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Clean Energy is Good Business for Iowa All Around

Jackie Roberts PhotoWhat do you do when a major new customer arrives in town asking for renewable energy?   You supply it.  Facebook’s decision to locate a new data center in Iowa and supply that data center with 100% wind energy is a great example of a company using its clout for good.  To show its seriousness of intent, Facebook simultaneously pursued development rights to two wind parcels, one in Iowa and Nebraska, alongside its traditional site evaluation for a new data center.  Iowa won the new data center, in no small part due to its leadership in the wind sector.

According to Vincent Van Son, Facebook’s Data Center Energy Manager, “When we settled on Altoona as the location for our fourth data center, one of the deciding factors was the opportunity to help develop a new wind project in the state. The project brings additional investment and jobs to the region, and in effect it makes it possible, on an annualized basis, for 100% of our energy needs to be met entirely with one of Iowa’s most abundant renewable resources.” Facebook worked with a local developer, RPM Access, and then at a key point, transferred ownership to a major utility, Mid-American.  This project enabled Facebook to announce last week that the new data center will be supplied by 100% renewable energy.

As we profiled last year with Collaborative Economics, Iowa views the wind sector as a powerful economic development driver.  As a result, it has emerged as an epicenter of wind in all facets – installations, innovation and manufacturing strength.  Iowa’s multi-pronged clean energy strategy continues to deliver economic wins in 2013.  Read More »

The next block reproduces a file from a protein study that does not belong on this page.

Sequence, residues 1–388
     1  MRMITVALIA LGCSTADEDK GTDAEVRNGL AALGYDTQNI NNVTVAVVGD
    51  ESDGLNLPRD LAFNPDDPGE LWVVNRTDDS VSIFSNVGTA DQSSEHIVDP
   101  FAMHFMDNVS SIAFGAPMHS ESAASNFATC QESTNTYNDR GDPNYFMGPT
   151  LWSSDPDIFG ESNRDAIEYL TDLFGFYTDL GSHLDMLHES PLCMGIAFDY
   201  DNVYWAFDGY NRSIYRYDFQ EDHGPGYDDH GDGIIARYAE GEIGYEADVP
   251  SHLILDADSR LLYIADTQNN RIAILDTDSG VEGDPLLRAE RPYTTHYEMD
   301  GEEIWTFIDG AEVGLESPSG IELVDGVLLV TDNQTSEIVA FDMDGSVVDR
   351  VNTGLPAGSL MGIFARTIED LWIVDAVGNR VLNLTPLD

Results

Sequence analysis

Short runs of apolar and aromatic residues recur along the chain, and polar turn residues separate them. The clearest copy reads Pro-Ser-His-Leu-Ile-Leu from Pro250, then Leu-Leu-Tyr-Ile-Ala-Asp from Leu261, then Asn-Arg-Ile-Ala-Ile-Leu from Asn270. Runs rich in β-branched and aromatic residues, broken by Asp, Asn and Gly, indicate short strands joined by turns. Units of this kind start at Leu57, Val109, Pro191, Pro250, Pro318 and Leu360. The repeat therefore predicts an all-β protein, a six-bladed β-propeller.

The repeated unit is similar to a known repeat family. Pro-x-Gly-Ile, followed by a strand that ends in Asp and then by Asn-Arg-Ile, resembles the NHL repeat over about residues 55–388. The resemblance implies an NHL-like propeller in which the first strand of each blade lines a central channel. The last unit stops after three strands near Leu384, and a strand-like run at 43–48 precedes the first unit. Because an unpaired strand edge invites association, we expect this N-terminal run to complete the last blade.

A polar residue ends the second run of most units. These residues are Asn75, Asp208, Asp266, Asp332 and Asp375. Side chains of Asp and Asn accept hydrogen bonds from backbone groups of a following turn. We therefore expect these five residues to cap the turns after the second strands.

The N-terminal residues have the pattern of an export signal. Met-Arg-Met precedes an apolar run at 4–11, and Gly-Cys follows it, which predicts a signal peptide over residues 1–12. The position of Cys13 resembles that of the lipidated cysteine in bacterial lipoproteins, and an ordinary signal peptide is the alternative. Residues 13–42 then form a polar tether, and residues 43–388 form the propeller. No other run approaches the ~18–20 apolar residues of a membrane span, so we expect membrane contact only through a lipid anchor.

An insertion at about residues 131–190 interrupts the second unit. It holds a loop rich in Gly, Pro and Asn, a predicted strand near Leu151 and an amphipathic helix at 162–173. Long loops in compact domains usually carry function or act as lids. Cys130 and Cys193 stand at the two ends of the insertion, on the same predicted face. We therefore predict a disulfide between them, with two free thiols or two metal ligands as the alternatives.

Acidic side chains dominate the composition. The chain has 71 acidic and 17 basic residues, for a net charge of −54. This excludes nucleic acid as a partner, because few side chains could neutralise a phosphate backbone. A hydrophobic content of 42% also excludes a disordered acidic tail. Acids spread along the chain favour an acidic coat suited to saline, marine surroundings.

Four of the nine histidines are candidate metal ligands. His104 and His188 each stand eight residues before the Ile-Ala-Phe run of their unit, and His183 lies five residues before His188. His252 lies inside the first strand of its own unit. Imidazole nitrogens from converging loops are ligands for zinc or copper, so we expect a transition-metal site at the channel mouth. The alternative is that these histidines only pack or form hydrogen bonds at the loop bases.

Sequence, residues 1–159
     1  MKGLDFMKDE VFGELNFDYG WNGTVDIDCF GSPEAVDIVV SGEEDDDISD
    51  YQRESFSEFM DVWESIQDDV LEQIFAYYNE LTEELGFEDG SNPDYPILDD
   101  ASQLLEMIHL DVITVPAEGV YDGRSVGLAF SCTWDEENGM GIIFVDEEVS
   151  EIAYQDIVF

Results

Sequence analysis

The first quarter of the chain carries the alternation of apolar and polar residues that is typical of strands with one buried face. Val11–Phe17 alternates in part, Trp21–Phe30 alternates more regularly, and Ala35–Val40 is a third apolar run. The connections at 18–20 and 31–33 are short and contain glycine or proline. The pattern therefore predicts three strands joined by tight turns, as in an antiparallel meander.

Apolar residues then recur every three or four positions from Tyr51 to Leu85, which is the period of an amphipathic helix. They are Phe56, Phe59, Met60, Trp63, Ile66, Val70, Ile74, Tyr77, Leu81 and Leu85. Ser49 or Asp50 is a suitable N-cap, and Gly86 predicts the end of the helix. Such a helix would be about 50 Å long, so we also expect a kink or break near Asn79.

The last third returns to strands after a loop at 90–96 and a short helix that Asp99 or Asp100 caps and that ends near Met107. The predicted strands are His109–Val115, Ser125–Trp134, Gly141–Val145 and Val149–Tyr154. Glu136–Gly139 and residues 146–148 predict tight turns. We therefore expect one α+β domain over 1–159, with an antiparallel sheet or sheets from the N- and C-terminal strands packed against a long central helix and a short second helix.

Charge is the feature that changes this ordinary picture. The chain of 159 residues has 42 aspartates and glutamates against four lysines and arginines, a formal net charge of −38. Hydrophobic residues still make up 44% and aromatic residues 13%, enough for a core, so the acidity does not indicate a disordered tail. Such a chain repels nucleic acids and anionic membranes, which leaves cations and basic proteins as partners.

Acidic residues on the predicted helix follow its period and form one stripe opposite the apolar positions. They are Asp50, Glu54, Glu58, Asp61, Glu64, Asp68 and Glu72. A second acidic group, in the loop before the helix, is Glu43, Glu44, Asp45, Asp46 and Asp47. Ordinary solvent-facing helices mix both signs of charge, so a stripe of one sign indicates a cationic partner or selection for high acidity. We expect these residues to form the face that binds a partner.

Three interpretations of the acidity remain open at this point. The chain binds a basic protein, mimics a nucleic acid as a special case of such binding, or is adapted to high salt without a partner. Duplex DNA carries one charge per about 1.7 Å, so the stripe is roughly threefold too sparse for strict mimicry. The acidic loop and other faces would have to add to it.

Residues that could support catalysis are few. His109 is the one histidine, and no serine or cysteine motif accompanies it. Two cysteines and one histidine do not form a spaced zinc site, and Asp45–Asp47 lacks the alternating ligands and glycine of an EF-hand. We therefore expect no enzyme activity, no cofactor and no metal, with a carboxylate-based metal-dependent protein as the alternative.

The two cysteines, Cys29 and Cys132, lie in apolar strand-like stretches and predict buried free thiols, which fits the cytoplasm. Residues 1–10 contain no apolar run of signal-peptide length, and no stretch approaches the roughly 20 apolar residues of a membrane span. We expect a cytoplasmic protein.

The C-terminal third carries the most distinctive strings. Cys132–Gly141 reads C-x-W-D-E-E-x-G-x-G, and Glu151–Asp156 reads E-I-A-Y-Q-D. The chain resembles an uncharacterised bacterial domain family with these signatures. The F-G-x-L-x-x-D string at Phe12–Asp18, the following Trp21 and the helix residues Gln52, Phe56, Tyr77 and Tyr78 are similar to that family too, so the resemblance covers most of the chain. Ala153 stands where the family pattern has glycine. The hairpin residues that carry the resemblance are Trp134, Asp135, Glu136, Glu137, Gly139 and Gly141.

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30 Years Of Forward-Thinking Leaders Has Spurred Iowa’s Clean Tech Growth

People who haven’t been following the renewable energy industry will be forgiven for their reaction when they’re told that Iowa is among the most advanced, opportunistic state in the cleantech economy.  “Iowa?  Isn’t that corn country?”

Well, yes.  But it’s also wind country.  And like few other states, Iowans have turned their constant breeze into a powerful economic force.

This is the last in a trio of posts highlighting the findings from EDF’s reports on the cleantech economies of Ohio, Colorado and Iowa (here is my last post on Ohio).  Today, I’ll focus on Iowa.

Despite its size, Iowa produces the second most wind power in the U.S. (Texas is #1 and California is #3) and is one of only two states that receives over 20% of its electricity from wind power.  More impressive has been the state’s ability to capture the economic — not just the environmental — benefit of that ranking.  According to the American Wind Energy Association, Iowa has attracted more major wind industry manufacturers than any other state.  It’s a great example of supply meeting demand.

Politically, wind power has been supported by both parties for three decades.  It was the first state to pass a Renewable Portfolio Standard, under republican Governor Terry Branstad in 1983.  In 2005, democratic Governor Tom Vilsack signed a tax credit for renewable energy production.  And in 2007 democratic Governor Chet Culver created the Iowa Power Fund to invest in local renewable energy research and development projects.  This level of across-the-aisle cooperation is unique among states and has given Iowa a considerable advantage in competing against larger and richer states. Read More »

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